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Okay those are all good informative posts. I think my converter is called a wifco.. something like that. it does seem to charge the battery fast and good. I was out reading last night and I read about the 2 6 volts in series. That does sound good. But I do think my plan will be to get as near as possible to the current battery untill those go bad and then replace some point down the road to the 6 volt batteries.

The solar panel comment surprised me some. I go to my camper about every weekend sometimes it 2 weeks apart but the battery indicator always shows full charge. I figured this as a trickle charger to get the battery charged during the week. Sounds like I better look into that somemore. thanks to everyone for the help... its all pretty new to me. We used to do a lot of tent camping... this is much different...
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Old 09-02-2008, 10:18 PM   #8
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As far as charging directly off the generator, the battery charging will be unregulated and you may potentially overcharge. The best method is to charge the batteries through the convertor (charging is regulated) or by using an automotive battery charger...10 amp is sufficient. In an emergency, the automotive battery charger will also keep your 12v system going if your convertor were to crap out.
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Old 09-03-2008, 04:29 PM   #9
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okay thanks
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Old 09-11-2008, 12:22 AM   #10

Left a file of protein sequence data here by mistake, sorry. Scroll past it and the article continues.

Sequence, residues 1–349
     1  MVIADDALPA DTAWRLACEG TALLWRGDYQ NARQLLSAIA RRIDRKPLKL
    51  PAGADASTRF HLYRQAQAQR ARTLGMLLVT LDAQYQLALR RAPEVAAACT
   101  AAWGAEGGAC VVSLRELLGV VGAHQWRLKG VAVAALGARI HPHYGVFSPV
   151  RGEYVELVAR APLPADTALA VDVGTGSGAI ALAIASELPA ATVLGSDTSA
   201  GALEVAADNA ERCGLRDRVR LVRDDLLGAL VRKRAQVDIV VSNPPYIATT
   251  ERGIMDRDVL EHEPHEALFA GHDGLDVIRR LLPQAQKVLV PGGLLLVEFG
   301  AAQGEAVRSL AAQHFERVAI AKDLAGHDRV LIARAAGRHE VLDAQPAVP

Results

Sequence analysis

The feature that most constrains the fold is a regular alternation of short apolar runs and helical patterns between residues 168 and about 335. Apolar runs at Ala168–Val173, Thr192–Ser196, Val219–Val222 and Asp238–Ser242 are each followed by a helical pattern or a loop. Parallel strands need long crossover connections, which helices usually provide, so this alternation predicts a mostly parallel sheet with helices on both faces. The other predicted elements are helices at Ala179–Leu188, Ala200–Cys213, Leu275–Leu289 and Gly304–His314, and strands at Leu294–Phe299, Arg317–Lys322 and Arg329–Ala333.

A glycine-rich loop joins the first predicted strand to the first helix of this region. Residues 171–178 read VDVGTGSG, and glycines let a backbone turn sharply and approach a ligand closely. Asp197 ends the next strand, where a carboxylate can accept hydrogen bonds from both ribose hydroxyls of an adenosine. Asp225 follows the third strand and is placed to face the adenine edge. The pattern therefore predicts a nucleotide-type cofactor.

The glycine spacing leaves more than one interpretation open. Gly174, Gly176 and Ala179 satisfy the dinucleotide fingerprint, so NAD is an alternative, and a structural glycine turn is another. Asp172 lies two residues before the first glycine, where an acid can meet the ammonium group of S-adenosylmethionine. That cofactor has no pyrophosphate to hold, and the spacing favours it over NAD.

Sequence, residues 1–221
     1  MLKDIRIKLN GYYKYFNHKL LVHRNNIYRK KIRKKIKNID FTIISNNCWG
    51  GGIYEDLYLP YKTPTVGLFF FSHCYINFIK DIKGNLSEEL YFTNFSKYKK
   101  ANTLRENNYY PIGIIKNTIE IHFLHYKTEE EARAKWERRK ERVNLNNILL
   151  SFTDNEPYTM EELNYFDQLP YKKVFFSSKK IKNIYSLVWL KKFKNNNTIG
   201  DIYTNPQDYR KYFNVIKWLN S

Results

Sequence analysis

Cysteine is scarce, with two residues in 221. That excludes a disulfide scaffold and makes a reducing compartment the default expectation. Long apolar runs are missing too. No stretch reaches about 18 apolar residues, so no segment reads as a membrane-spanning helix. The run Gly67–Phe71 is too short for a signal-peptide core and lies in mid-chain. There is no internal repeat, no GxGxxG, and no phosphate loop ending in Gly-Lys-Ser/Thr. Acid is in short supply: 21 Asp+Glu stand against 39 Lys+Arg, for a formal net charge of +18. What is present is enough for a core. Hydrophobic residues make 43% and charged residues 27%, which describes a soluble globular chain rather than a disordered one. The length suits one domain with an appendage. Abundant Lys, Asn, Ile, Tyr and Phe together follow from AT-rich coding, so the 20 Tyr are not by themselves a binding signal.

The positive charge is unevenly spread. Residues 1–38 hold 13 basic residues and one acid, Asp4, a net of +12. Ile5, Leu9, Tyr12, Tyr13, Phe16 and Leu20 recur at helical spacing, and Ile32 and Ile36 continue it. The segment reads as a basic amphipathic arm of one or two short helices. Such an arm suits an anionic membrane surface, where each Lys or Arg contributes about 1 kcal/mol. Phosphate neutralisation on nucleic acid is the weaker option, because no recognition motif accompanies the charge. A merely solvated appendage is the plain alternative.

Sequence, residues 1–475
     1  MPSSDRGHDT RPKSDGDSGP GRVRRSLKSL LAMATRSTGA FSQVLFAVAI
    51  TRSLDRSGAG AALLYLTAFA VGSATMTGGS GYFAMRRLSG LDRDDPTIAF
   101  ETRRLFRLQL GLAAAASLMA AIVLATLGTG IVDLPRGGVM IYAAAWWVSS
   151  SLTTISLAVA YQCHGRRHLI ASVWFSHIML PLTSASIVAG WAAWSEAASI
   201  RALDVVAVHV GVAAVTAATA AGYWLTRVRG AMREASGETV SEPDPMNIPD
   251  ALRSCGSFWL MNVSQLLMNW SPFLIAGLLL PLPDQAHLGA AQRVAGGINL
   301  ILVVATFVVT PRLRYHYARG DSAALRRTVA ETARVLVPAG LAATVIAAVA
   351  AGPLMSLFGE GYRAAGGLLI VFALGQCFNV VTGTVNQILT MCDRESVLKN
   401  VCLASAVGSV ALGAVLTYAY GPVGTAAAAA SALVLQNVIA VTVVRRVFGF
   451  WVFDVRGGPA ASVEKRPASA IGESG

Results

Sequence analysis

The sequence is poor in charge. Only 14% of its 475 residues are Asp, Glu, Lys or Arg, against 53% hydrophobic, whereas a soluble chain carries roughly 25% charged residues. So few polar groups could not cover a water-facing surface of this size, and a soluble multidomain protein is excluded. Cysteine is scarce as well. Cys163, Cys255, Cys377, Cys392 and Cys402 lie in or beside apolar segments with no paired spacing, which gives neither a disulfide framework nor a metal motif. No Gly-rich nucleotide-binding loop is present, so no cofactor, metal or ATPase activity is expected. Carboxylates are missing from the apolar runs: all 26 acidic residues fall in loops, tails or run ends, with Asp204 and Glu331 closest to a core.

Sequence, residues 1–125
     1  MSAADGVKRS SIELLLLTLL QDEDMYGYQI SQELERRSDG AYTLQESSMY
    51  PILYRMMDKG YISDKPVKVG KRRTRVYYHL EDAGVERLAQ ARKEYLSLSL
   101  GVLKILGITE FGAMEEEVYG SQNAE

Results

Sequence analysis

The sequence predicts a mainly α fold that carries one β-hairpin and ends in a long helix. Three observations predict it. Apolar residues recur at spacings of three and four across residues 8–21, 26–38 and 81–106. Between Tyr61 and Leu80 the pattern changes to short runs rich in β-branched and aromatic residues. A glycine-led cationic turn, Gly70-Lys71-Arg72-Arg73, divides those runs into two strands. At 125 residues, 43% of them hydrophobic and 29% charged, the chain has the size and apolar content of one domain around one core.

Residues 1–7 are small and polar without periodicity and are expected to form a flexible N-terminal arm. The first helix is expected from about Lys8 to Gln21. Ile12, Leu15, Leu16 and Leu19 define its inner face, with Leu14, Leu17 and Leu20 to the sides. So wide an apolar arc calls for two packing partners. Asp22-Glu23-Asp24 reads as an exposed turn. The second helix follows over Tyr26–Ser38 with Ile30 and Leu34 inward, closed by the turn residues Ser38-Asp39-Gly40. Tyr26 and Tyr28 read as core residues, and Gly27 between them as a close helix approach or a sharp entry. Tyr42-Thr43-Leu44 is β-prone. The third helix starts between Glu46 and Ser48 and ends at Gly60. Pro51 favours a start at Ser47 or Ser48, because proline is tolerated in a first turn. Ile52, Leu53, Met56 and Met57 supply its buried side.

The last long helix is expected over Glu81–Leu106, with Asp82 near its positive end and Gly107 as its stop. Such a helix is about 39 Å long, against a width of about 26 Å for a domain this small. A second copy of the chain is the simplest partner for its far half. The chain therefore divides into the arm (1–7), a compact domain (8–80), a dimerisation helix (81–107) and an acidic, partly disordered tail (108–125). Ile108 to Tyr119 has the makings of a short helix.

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Check out this site. It is my "Bible" for everything 12 volt related.

http://www.ccis.com/home/mnemeth/12volt/12volt.htm

Simply put, 2 6volt golf cart batteries are much better that 2 12volt batteries.
Converters in most all but the really expensive RVs only put out 12volts so charging is not at all efficient or complete through the on-board coverter no matter if you use generator or shore power. I will sometimes use a standard automatic type of automotive car charger which actually adjusts voltage to the charge state of the battery bank.

Check out the site above, it's a godsend to the dry-camper....
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Old 09-11-2008, 06:39 AM   #11
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Converters in most all but the really expensive RVs only put out 12volts so charging is not at all efficient or complete through the on-board coverter
Not to start anything, just clearing up a bit of misinformation.

My WFCO converter has a very good three stage charger built in, and my rig is certainly not a high end unit. In fact all the later units I've looked at have good three stage chargers built in.
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Old 09-11-2008, 10:49 AM   #12
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Thanks NWJeeper... from one jeeper to another! Proud JK 4 door owner here!
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Old 09-11-2008, 08:25 PM   #13
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Hey NWJeeper, that is a great site, what a wealth of information. I saved it to my favorites for future access! Thanks.
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Old 09-12-2008, 07:42 AM   #14
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Steve, I'm right with you on this one.
We bought our trailer back in February.
It came from the dealer with a 12v group 24 battery.
I just bought a 2nd one from Sams Club.
It's not the same brand but they are similar and
both read nearly identical voltage when fully charged.
I'm gonna use them until they get too weak and then
most likely go with a couple 6 volt replacements.

I also have a small generator and am experimenting with
the best/quickest way to re-charge my batteries if needed.
I have the luxury of parking my trailer at home so I can
plug it in at any time and let my power center do the
charging. It fully charges my single battery in 24 hours
no problem and I expect it to charge the pair in a day also.

What I am trying to find is a way to fast charge the pair
in an hour or 2 at the longest.
Maybe not full but a significant charge in 60 minutes.
My power center wont' do it.
Read my discussion here--
http://www.forestriverforums.com/for...ead.php?t=2701